Peter Davison is wrong about a female Doctor Who, but he’s not being sexist – so stop saying he is

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Davison said “if I feel any doubts about it, it’s the loss of a role model for boys, who I think Doctor Who is vitally important for”; in the past, he’s said that he thinks a female Doctor with a male companion might mean “you’ve got more of a stereotype than anything else”. Essentially, Davison considers the Doctor a good example of a non-traditional, non-stereotypical male role model. 

The character is, broadly speaking, counter to a lot of the facets of toxic masculinity and patriarchy; he’s openly emotional, driven by curiosity, intellectual rather than violent. Referring to, say, the various male superheroes of cinema – all of whom, when you break it down, solve their problems with their fists – is rather missing the point a bit. It’s perhaps the only coherent and cogent argument against a female Doctor that isn’t actually a sexist one – one that can be argued from a feminist perspective.

Yeah, this was a difficult one, in hindsight. Especially that title – it’s much too confrontational. Should be something closer to “wait, hang on, slow down”, but I was rather cynically trying to play to multiple crowds at once, getting clicks and shares from both pro and anti-female Doctor crowds. And, I suppose, both pro and anti-sexism crowds. It’s less than ideal, but hey, I don’t get paid a lot for these if they don’t hit 10 000 views. (Actually, that said, I’m almost certain I pitched the more tentative “he’s not necessarily being sexist”, but still.)

Anyway, so. Basically, as I’m sure some will remember, a few different newspapers took a quote Peter Davison gave out of context, and essentially tried to paint him as an out-of-touch old guy in an attempt to get a few extra clicks. This apparently went exceedingly well, because lots of people felt the need to jump in and explain how wrong he was, etc etc. Eventually he left twitter because it got so out of control.

Now, far be it from me to think he needed defending as such – though again I suspect there was a slightly cynical attempt to, I don’t know, befriend him or something going on on some levels of my thinking – but I do find his actual objection to a female Doctor, on the basis of a male role model thing, actually quite interesting. At least, that was how I interpreted it; I was almost certain I’d seen a quote to that effect from him making it more explicit, but I couldn’t place it in the end. Which was a nuisance.

Anyway, though, yeah. So this was just an article basically to the effect of, you know, back off a bit, he said he thinks it’s a good idea, but expressed a brief caveat. (Which I suspect he wouldn’t have bothered with if he realised this would grow beyond a quiet convention interview.) In the grand scheme of things, there are probably quite a few other things to critique.

(Though it would be a pretty fair accusation to level at me that there are definitely other more important things to defend, and I’d accept that.)

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In anticipation of the Thirteenth Doctor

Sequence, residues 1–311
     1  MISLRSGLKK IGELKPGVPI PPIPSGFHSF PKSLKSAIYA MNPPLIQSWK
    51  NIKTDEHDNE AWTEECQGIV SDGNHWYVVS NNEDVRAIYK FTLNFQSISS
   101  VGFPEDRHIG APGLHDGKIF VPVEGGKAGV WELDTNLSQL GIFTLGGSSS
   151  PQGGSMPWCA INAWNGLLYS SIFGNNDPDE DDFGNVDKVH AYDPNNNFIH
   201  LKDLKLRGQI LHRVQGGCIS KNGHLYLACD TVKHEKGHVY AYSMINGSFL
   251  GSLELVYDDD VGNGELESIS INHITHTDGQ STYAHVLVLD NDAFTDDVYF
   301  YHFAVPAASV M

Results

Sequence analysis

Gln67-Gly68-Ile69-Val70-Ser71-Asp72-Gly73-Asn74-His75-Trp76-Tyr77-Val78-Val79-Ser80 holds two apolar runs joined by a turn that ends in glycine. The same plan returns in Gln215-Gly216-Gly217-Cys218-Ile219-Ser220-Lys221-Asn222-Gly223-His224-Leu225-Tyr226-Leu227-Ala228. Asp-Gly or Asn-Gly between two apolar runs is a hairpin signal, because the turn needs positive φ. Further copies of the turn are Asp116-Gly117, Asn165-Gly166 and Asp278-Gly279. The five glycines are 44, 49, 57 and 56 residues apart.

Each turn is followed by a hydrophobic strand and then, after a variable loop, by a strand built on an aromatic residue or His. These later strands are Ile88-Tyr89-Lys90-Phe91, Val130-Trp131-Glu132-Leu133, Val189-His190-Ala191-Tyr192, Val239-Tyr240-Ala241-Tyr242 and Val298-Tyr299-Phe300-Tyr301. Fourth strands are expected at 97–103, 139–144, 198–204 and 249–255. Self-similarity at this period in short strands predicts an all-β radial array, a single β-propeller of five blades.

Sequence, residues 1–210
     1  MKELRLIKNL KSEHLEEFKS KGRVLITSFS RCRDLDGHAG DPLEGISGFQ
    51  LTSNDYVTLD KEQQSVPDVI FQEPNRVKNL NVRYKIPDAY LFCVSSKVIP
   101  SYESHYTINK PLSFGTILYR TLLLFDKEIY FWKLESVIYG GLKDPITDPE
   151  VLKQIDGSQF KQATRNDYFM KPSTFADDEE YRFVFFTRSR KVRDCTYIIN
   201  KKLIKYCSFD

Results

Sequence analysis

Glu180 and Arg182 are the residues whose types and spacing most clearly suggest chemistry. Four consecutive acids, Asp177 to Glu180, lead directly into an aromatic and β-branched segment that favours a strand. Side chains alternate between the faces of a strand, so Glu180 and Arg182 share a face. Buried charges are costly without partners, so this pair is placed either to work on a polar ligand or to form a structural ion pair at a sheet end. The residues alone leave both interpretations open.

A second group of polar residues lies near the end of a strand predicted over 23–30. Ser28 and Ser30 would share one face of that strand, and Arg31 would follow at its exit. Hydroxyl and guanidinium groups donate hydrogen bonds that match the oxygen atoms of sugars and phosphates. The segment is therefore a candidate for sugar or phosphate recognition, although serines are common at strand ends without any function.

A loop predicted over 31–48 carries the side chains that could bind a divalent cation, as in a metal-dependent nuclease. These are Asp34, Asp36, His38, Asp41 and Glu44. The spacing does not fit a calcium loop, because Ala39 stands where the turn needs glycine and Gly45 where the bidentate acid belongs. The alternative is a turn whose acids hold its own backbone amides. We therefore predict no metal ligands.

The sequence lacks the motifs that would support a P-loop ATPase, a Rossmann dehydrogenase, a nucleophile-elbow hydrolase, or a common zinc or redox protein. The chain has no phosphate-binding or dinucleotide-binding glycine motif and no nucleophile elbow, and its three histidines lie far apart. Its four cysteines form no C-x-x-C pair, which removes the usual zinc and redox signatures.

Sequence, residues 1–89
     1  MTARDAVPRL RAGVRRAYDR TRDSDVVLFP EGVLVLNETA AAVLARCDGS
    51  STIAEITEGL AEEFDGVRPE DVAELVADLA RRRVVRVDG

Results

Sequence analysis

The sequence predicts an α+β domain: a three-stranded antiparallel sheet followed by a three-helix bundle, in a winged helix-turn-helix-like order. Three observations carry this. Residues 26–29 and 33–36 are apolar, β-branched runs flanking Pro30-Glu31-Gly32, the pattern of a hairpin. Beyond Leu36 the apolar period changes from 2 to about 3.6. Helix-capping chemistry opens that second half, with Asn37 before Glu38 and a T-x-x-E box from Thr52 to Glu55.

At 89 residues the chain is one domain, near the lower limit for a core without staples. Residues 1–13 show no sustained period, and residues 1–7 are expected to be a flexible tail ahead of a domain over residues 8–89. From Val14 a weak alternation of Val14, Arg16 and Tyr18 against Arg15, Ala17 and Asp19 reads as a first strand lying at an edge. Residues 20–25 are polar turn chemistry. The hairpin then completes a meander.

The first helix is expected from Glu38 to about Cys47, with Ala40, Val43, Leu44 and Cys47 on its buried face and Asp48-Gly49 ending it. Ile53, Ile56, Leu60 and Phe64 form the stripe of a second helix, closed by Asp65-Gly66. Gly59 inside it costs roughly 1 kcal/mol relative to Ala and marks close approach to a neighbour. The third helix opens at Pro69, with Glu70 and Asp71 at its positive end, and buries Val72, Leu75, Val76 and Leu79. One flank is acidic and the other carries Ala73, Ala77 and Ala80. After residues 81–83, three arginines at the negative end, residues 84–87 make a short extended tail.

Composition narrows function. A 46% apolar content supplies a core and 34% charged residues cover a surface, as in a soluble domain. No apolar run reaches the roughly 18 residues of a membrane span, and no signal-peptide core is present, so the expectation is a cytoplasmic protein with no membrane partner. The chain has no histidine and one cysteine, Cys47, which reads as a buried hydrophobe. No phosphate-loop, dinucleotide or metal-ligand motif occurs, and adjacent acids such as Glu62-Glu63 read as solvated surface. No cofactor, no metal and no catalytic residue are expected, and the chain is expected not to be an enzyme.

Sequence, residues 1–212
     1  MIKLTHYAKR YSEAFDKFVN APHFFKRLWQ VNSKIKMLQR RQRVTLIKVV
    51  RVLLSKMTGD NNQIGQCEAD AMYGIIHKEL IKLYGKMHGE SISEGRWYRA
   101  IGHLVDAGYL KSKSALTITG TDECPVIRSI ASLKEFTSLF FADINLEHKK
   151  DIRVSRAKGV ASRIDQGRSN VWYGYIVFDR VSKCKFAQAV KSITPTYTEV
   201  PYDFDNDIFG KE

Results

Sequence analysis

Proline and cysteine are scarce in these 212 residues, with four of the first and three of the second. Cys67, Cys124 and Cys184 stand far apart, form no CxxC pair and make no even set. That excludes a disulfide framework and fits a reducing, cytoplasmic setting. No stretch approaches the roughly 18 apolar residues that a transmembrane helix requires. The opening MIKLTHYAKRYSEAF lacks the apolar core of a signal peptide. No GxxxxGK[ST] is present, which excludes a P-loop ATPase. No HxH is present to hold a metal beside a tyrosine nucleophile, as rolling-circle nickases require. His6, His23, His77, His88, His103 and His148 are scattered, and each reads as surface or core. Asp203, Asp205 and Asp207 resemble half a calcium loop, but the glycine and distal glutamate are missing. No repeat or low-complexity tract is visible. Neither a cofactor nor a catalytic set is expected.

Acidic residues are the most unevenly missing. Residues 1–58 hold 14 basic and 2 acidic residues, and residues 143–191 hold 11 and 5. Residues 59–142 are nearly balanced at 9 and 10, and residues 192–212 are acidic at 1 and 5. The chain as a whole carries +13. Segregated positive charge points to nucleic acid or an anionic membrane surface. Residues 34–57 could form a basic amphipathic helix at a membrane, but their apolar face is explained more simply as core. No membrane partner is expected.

doctor who thirteenth doctor reveal key trailer jodie whittaker chris chibnall

So!

It’s the end, but the moment has been prepared for. Or is about to be prepared for.

When Peter Capaldi announced he was leaving, I wrote this article for Metro suggesting some possible replacements. Eventually, a new frontrunner became apparent – Kris Marshall. I have to admit, I wouldn’t be a fan, and I’m hoping he doesn’t take the role. My preference, broadly speaking, would be a female Doctor – I’ve collected together everything I’ve written about it here.

As to who I’d like specifically? Well, there’s always something to be said for unknowns (they pretty much all have been so far, to me at least). But outside of that? Well, I’ve been an advocate of Natalie Dormer for years now – it was thinking about her in the role that made me realise how much I’d like to see a female Doctor – but in recent months I’ve been coming around to Phoebe Waller-Bridge.

I do, admittedly, take a little bit of hipster pride in that – I first watched Fleabag in December, before Capaldi announced he was leaving, and immediately knew that Phoebe Waller-Bridge would be perfect for the role. I reckon, actually, with that Metro article above I was probably the first to publically suggest her for the role, so I feel vindicated that everyone else agreed with me so wholeheartedly. I’m still clinging to the vain hope she might still take on the role, though in my heart of hearts I know that’s still a little unlikely. Just a little.

The new last-minute favourite is Jodie Whittaker, who I’d also love – and have been wondering about for the past few months, suspecting that everyone had overlooked her when suggesting the other star of Broadchurch for the role. Whittaker, again, would be a great choice; I’ve always thought she was the real star of Boradchurch, really.

I don’t want it to be a man, particularly. Obviously! If it was, I think my preference would be Sacha Dhawan. If it is going to be another white man – and, unfortunately, I do rather suspect it is – then I’d hope it’s someone that I haven’t heard of. (And then it’s a fakeout! He’s the new companion! They’re preserving the surprise, for when Capaldi regenerates into Phoebe at Christmas!) There’s always something exciting about an unknown.

Indeed, there’s something exciting about this all, really. A whole new era. Once more unto the breach. Here we go again. Sontarans perverting the course of human history. I really, genuinely can’t wait, even where I have little worries and misgivings.

But of course, a necessary word on Capaldi. When he was first cast, for days and weeks afterwards I’d occasionally just say “Peter Capaldi” and grin, I was so excited. He lived up to the promise and more; he’s my favourite Doctor. The Doctor. And he deserves a lot of thanks for that.